Peter Istvan, co-founder and organizer of Pedaling for Parkinson’s – an annual bike ride that has raised more than $700,000 for Parkinson Canada – is the recipient of the 2016 Cash, Sweat & Tears Award. The award is granted by Peer-to-Peer Fundraising Canada to honour an extraordinary volunteer who has taken on physical challenges or overcome tremendous obstacles to raise money for charity.
Asked how he feels about receiving the award, Peter responded: “Someone had to stand up there and receive the award, but it’s really a recognition of the whole event and everyone involved, the riders obviously, but also the volunteers, the sponsors, the donors, the researchers, and of course the great people at Parkinson Canada. They are all contributing.”
“We do a lot of little things, so everyone is engaged and they are the recipients of this recognition. It’s not me personally receiving the award, together we have created an authentic, grassroots experience that is helping people and families affected by Parkinson’s.”
Istvan and his friend David Newall started the ride in rural Parry Sound, Ontario, six years ago with a modest goal of using their love of cycling to raise money to fight Parkinson’s disease. During the first event, 18 riders came together and raised $18,000. In July 2016, 250 people took part in the three-day ride and raised more than $200,000.
“Peter’s commitment and vision are inspiring, and they demonstrate the amazing power that passionate people can use to help nonprofits raise money and achieve their missions,” said David Hessekiel, President of Peer-to-Peer Fundraising Canada. “He has helped create an event that brings together his small town each summer to make a difference, and, in doing so, he is helping to transform the lives of people with Parkinson’s disease.”
Pedaling for Parkinson’s is part of a growing trend in fundraising, where ‘do-it-yourself’ campaigns are organized by individuals, rather than by not-for-profit organizations. Parkinson Canada provides support for the event, and Istvan, a volunteer, does all of the heavy lifting, including managing logistics, recruiting riders and volunteers, soliciting sponsors and collecting donations.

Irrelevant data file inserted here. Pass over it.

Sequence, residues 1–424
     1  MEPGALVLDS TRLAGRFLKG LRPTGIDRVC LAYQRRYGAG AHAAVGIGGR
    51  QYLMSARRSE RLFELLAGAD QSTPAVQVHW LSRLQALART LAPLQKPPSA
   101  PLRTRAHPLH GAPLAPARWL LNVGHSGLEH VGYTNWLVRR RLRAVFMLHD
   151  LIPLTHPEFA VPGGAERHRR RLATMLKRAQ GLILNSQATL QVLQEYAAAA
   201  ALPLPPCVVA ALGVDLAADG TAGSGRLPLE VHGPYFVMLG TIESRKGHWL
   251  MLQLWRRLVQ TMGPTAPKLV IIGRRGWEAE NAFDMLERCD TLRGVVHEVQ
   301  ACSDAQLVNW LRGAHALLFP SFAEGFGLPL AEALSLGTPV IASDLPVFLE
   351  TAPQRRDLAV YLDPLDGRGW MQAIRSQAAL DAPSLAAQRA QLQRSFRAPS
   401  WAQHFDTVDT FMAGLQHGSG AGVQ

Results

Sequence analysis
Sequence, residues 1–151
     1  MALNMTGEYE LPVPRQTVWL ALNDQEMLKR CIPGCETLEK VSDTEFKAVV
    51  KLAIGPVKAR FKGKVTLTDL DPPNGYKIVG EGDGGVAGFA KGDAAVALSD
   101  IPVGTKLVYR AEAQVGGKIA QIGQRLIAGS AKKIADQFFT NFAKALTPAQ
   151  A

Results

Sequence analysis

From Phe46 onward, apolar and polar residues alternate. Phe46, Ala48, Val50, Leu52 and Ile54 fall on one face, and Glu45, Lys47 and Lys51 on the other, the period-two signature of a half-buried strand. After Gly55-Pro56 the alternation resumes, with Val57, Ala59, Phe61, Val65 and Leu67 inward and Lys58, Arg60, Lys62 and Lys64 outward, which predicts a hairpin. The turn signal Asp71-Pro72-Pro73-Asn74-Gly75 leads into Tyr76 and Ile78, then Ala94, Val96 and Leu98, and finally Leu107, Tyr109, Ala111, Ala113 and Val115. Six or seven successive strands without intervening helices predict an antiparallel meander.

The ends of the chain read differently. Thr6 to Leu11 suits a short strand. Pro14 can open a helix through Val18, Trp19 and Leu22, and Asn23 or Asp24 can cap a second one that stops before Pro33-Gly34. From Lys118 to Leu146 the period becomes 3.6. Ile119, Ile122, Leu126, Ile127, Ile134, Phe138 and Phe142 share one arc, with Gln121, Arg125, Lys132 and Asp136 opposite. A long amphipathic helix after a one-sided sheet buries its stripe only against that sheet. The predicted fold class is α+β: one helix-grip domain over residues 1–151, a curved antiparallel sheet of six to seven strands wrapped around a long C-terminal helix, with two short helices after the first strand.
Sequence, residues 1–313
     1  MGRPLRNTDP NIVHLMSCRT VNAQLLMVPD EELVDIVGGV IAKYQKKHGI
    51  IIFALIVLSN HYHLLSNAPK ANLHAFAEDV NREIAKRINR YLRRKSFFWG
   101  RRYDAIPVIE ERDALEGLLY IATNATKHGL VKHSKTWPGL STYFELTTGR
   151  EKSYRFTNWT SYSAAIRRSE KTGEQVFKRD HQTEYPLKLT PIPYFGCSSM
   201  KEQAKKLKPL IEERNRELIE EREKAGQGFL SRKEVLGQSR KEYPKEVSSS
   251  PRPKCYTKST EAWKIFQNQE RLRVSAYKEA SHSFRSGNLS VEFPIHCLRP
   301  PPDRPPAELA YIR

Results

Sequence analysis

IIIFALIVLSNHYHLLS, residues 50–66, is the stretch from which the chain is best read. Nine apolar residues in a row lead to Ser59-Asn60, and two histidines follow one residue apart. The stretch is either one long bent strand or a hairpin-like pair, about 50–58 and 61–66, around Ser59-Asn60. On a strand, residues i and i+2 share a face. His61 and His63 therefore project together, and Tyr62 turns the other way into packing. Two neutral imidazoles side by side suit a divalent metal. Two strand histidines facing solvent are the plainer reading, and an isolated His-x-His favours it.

“The whole team behind Pedaling for Parkinson’s is a joy to work with,” says Jon Collins, Associate Director of Events and Partnerships for Parkinson Canada. “With dauntless energy, strength of spirit and compassion, Peter Istvan has built a community around a once-a-year bike ride in Parry Sound.”
Pedaling for Parkinson’s has become a destination event for many avid cyclists in Ontario, largely because of its homespun feel. Istvan’s mother bakes cookies and gives hugs to weary riders. Riders receive handmade mugs from a local potter. A local butcher makes sausages for the post-ride barbecue.
“We’re not looking to become a humongous event,” Istvan says. “While we continue to grow, we want to remain as grassroots, family, and personable as we can.”
Istvan says he also wants to make sure the event always maintains its connection to the cause it supports. Two Parkinson’s researchers – Dr. Abid Oueslati and Dr. Joel Watts – each received a $90,000 Pedaling for Parkinson’s New Investigator Award for 2016-2018, through the Parkinson Canada Research Program. Since 2011, seven Parkinson Canada Research Program awards have been supported by proceeds from the event.
“We work hard to connect the riders to the research and the research community to the riders,” he says. “That’s an important connection to us. We want to make it clear to the riders where the money is going and why what they are doing is important.”
Several Parkinson’s researchers have participated in the Parry Sound event over the years, as well as Parkinson Canada staff. And each year, one of the Pedaling for Parkinson’s “named” researchers gives a presentation at a Parkinson’s education event in Parry Sound.
In addition to Pedaling for Parkinson’s, people with Parkinson’s benefit from the efforts of community-organized events held all year round and across the country. Events range from pot luck suppers to hockey tournaments and from summer pool parties to motorcycling tours and golf tournaments. If you have an idea for a community fundraising event in support of Parkinson Canada, check out our webpage or email email@example.com.
If you do start up your own event to support people living with Parkinson’s, you may want to follow Istvan’s advice: “Keep the reason you are doing it in front of you, and thank every person who touches your event.”